Perform the desired post processing on digital image such as Levels, color adjustments, special effects, sharpening, etc.
Step 3 — Resize the image:
The important parameter here is the Resolution which is set to 300 pixel/inch for best quality. In this example, I have setup an image size of 16x24 inches, which is a relative large portrait sized print. Note that the Resample Image is retained at ‘Bicubic’ which does a decent job for image resizing. Bicubic is a form of interpolation method, a mathematical calculation to upsize/downsize an image. There are far more superior methods including Pyramid, Lanchoz and Vector, which are able to retain minute details even upon a large upsizing process.
Step 4 — To print, I shall convert from monitor profile to print media profile
One of the main consideration for professional inkjet photo printing is the choice of media. It’s not just the thickness and paper type (gloss or pearl), but rather the availability and accuracy of the ICC profile, which essentially determines how colors are reproduced in prints. Most of the high-end papers from Epson and Canon are excellent choices for photo printing such as Epson Premium Luster, Canon Photo Paper Pro PR-101, etc. Other third party make such as Ilford is also also suitable choices. ICC profiles can be conveniently downloaded from each of the manufacturers’ websites. In this example, I have chosen to use the Epson Premium Luster 250g paper, which is a semi-gloss, pearl effect photo paper.
Remember to set the printer driver to ‘No adjustment’ in the color management option to avoid double color conversion process.
Step 5 — Select the desired print quality
The final setting involves the printing quality which in this case is set to 1440dpi on the printer. Bear in mind that this dpi is not to be confused with the earlier 300 pixel/inch settings in Adobe Photoshop. Print resolution on the printer is determined by the number and size of the print nozzles on the print head.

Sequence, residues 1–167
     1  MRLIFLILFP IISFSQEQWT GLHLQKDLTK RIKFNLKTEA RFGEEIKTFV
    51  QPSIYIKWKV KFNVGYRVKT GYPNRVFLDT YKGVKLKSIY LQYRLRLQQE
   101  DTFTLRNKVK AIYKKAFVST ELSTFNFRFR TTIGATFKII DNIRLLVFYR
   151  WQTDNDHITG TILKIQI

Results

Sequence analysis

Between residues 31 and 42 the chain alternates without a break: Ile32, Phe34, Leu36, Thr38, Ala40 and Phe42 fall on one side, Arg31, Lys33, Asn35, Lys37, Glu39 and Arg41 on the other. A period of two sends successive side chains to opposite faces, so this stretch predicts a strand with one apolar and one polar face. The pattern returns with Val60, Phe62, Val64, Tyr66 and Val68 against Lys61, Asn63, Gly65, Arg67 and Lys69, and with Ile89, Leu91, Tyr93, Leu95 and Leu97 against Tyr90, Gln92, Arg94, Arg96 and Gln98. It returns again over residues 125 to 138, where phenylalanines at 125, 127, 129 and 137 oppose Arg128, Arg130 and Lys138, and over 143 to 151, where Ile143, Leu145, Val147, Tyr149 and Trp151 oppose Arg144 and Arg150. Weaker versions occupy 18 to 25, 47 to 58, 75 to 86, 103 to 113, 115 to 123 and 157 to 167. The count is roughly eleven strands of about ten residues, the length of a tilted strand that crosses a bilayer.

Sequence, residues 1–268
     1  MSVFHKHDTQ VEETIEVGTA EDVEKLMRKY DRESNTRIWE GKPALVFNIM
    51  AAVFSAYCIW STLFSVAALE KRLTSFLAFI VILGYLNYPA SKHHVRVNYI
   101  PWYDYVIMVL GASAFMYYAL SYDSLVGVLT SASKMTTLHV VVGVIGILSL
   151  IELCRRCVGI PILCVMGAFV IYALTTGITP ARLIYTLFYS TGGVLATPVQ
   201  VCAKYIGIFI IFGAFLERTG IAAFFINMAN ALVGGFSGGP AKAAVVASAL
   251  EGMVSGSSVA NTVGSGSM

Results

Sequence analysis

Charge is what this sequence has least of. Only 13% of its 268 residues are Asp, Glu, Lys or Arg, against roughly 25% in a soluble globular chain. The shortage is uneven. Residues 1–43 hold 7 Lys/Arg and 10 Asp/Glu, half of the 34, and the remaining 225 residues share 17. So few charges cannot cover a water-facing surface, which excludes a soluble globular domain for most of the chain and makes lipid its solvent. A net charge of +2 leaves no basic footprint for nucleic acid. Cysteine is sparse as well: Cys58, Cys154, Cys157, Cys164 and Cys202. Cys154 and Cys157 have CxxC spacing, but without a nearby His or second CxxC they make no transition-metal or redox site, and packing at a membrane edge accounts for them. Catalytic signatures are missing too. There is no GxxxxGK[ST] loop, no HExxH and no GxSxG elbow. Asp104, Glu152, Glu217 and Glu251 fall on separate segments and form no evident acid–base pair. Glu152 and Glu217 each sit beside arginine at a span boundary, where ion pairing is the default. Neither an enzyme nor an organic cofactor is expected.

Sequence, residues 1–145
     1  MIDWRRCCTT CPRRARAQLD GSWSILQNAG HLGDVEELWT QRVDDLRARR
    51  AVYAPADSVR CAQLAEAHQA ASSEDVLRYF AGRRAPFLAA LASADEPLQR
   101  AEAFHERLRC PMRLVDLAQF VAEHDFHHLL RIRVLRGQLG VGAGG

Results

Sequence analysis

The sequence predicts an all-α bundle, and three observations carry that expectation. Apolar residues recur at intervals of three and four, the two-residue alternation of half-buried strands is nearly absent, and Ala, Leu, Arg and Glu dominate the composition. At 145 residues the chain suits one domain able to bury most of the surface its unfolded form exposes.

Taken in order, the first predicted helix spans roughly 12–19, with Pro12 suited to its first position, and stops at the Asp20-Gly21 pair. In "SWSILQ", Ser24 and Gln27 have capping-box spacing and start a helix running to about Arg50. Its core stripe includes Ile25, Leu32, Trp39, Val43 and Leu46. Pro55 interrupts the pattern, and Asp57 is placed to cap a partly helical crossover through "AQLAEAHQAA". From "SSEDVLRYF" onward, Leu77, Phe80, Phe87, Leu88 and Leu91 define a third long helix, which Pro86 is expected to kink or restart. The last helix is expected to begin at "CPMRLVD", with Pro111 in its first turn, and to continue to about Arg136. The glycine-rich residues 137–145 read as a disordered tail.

Summary and conclusion
Having the Epson printer has allowed me to print in custom sizes, which is important for my work in producing event and wedding collage albums. With its 17”-wide format, I can print up to a photography size of 16” x 24”. The printer utilizes a pigment-based 8-ink system which guarantees a much longer archival lifespan.
The ability to print from home has given me the flexibility to print at any time of the day, hence improving my response time to my customers. With a wide selection of inkjet media (including canvas), it gives me the flexibility to offer a variety of choices to meet customer demands.
The inkjet photo printing concept has revolutionized the way I work, just like how digital photography has taken over film. With a good understanding of color management, printing techniques and the right choice of inkjet media, even a low cost, decent photo printer can yield stunning results.
A freelance photographer and printmaker
He uses the Epson Stylus Pro 4000 photo printer for collage printing.
His clientele includes Samsung Malaysia, Riche Monde (Hennessy VSOP, MoÃ«t & Chandon), Harvard Club Malaysia, and other business organizations.
His work can be viewed at http://wesley.2buddybiz.com